DNA, RNA, and the Flow of Information

- RNA differs from DNA in three ways: It is single-stranded, its sugar molecule is ribose rather than deoxyribose and its fourth base is uracil rather than thymine.

- The central dogma of molecular biology is DNA→RNA→protein.

- A gene is expressed in two steps: first, DNA is transcribed to RNA; then RNA is translated into protein.

- Some viruses are exceptions to the central dogma. Some viruses exclude DNA altogether, going directly from RNA to protein. In retroviruses, the central dogma is reversed: RNA→DNA.

Transcription: DNA-Directed RNA Synthesis

- RNA is transcribed from a DNA template after the bases of DNA are exposed by unwinding of the double helix.

- In a given gene, only one of the two strands of DNA (the template strand) acts as a template for transcription.

- RNA polymerase catalyzes transcription from the template strand of DNA.

- The initiation of transcription requires that RNA polymerase recognize and bind tightly to a promoter sequence on the DNA.

- RNA elongates in a 5′-to-3′direction, antiparallel to the template DNA. Special sequences and protein helpers terminate transcription.

- In prokaryotes, translation begins before transcription of the mRNA is completed. In eukaryotes, transcription occurs in the nucleus and translation occurs in the cytoplasm.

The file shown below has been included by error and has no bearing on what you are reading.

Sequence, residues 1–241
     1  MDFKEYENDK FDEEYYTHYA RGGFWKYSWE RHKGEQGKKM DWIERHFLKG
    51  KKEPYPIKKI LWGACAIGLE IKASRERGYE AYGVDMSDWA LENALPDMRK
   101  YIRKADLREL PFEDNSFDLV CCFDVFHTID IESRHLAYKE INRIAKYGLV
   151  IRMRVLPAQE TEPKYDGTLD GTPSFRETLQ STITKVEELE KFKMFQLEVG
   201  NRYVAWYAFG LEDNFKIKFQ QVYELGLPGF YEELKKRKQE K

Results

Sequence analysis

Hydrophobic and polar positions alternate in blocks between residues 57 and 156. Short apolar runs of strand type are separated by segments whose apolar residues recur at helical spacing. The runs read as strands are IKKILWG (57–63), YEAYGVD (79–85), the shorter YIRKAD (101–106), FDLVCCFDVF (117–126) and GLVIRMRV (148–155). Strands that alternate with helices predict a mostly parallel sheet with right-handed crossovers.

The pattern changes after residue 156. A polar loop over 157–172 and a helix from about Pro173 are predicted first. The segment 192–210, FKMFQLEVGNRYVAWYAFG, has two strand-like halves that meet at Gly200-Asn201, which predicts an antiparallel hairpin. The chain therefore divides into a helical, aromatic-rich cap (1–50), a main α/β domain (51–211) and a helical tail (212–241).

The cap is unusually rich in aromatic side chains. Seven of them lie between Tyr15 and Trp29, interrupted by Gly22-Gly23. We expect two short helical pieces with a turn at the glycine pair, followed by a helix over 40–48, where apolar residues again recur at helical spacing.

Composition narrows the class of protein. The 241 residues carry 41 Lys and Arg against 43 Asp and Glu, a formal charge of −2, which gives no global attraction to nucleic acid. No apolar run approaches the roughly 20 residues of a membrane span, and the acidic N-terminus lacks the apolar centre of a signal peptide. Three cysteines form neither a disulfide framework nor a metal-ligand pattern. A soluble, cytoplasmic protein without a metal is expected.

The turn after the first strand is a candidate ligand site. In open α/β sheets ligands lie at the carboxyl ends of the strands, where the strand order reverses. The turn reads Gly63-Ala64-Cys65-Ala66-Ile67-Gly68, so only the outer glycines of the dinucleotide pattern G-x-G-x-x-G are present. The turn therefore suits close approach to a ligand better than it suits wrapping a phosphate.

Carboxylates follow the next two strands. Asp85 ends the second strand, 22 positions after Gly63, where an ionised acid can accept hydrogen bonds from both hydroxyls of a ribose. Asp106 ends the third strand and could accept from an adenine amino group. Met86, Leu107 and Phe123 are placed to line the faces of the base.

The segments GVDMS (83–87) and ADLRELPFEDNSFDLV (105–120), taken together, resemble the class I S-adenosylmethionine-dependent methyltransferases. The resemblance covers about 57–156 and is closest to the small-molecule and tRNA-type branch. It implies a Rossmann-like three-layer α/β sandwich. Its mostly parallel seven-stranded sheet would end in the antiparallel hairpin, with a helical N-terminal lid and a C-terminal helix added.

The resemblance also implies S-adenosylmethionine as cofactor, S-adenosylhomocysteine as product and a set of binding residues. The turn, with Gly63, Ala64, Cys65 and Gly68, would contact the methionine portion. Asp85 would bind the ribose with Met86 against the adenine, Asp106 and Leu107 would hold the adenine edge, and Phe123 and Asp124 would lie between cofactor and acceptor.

The Genetic Code

- The genetic code consists of triplets of nucleotide bases (codons). There are four bases, so there are 64 possible codons.

- One mRNA codon indicates the starting point of translation and codes for methionine. Three stop codons indicate the end of translation. The other 60 codons code only for particular amino acids.

- Because there are only 20 different amino acids, the genetic code is redundant; that is, there is more than one codon for certain amino acids. But the code is not ambiguous: A single codon does not encode more than one amino acid.

- Test-tube experiments led to the assignment of amino acids to codons.

Preparation for Translation: Linking RNAs, Amino Acids and Ribosomes

- In translation, amino acids are linked in an order specified by the codons in mRNA. This task is achieved by transfer RNAs (tRNAs), which bind to specific amino acids. Each tRNA species has an anticodon complementary to an mRNA codon. _ A family of activating enzymes attaches specific amino acids to their appropriate tRNAs, forming charged tRNAs.

- The mRNA meets the charged tRNAs at a ribosome.

- The small subunit of the ribosome checks to determine whether the tRNA anticodon and mRNA codon have formed hydrogen bonds.

 






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